• Lord November 17, 2015, 14:02

    If a gas giant was scattered from the system, could Pluto be what was left behind?

  • Charlie November 17, 2015, 14:02

    “Image: The first recorded photograph, taken from a window in his study by Joseph Nicéphore Niépce. For more, visit this University of Texas site. ”

    I remember seeing that; I believe it was taken before the time of the Civil War. Interestingly enough, if I remember correctly, that wasn’t taken through the use of decomposing silver salts. Some other way in which the image was burned into the substrate was used. But for the life of me I can’t remember the details

  • ljk November 17, 2015, 14:23

    Not that this will do New Horizons any good, but when Walt Disney revealed plans for exploring the Moon in their 1955 program on the subject, they used rocket propelled flash bombs to illuminate the lunar regions in darkness for the observing astronauts in orbit.


    I know, I just thought it was cool.

  • Matt McIrvin November 17, 2015, 21:22

    Would they be so dimly illuminated that a passenger would have to know where to look or else they wouldn’t be able to see that “dim” object or would they be reasonably bright and impossible to miss?

    The sunlight at Pluto is dim, but it’s much brighter than full moonlight on Earth and not that much dimmer than ordinary indoor lighting. (Think, maybe, a restaurant late in the evening with the lights turned romantically low.) The human eye can adapt to brightness levels over an amazing range of magnitudes. I don’t think you’d have much trouble seeing Pluto.

  • Mark Zambelli November 18, 2015, 12:36

    Thanks to the long evolution history of our Human Mark 1.0 eyeballs, Pluto would actually be easy to see… it’s just hard to image way out there.

    Rosetta has shown us a pitch-black 67P C-G we get the impression of a lump of coal… however we forget the HDR of our eyes with adaptation so in person, the comet would look perfectly bright enough with larges ranges of gray, from black to near white.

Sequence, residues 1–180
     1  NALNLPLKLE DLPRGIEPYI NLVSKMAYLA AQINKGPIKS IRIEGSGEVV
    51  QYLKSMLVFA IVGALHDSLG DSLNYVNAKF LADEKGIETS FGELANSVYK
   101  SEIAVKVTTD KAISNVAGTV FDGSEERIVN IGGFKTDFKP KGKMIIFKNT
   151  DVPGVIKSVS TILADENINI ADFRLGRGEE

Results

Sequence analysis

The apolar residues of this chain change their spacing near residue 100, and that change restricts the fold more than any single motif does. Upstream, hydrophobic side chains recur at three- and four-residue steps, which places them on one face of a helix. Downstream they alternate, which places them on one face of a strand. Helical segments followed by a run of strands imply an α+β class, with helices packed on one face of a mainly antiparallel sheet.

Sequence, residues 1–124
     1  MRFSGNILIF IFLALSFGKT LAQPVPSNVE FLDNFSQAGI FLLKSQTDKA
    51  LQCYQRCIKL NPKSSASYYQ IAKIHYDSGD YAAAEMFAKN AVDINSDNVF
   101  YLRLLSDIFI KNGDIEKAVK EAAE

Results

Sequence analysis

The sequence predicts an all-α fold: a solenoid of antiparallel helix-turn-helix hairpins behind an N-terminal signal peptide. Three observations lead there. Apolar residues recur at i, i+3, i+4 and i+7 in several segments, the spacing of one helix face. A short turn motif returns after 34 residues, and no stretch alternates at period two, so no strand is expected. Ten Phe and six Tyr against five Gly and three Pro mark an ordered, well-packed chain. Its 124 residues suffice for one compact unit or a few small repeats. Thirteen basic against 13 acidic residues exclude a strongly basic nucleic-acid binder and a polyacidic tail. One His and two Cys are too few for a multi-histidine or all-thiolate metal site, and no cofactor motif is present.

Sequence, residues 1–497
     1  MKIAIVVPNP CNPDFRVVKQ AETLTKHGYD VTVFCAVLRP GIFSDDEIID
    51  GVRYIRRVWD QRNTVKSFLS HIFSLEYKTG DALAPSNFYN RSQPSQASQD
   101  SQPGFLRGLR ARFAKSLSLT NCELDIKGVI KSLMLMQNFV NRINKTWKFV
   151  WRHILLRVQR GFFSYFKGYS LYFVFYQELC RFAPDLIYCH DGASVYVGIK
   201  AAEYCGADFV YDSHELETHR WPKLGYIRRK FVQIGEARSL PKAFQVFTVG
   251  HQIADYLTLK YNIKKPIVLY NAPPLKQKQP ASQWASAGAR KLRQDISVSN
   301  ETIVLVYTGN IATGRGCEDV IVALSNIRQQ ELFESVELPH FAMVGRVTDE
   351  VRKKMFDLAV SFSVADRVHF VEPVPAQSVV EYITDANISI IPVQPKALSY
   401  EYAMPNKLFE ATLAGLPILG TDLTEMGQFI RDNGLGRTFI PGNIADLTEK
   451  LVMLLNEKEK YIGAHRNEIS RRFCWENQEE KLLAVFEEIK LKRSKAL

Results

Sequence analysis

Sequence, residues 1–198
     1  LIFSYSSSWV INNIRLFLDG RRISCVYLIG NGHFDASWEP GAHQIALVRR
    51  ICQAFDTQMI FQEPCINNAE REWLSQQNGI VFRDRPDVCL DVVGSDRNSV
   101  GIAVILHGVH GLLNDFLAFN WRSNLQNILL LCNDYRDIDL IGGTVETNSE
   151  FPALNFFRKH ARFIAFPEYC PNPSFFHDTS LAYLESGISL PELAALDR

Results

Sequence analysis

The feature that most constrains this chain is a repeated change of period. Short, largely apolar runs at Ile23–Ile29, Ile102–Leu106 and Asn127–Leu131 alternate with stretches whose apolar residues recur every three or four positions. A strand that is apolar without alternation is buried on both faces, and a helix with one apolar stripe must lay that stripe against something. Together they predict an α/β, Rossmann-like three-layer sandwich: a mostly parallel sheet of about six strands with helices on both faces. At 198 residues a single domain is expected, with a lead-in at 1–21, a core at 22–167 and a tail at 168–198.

When Voyager 2 was enroute to Uranus, the imaging team refered to capturing images of the moons and rings as like (I paraphrase without the text)… “Imaging the presents under your christmas tree in a dark room with only a single half-Watt fairy light on top.” Yes this was with Voyagers imaging tubes but it highlights how much ‘better’ our eyes are at handling reduced light levels. We evolved to see in near dark for survival… now we get to turns those organs on wonders our technology is exploring on our behalf.

    As an amateur astrophotographer, there are plenty of colour issues I have to combat to reveal a ‘near-as-possible’ image knowing all the while that our eyes would never (be able to) see the object like that (we’ve mentioned on these pages in the past just how dim galaxies would appear ‘on approach’ and nebula are the same… you would barely even know you were in the Orion Nebula for example which is a far cry from the sci fi backdrops used in films an TV).

    @ Charlie… if you want images then pop over to the New Horizons image archive. I’ll link to it in a fresh post (if I navigate away to get the URL my tablet will dump what I’ve written so far… like yesterday! grrrr)

  • Mark Zambelli November 18, 2015, 12:37

    @ Charlie… http://pluto.jhuapl.edu/Multimedia/Science-Photos/view.php?gallery_id=2 should help you find some Pluto imagery.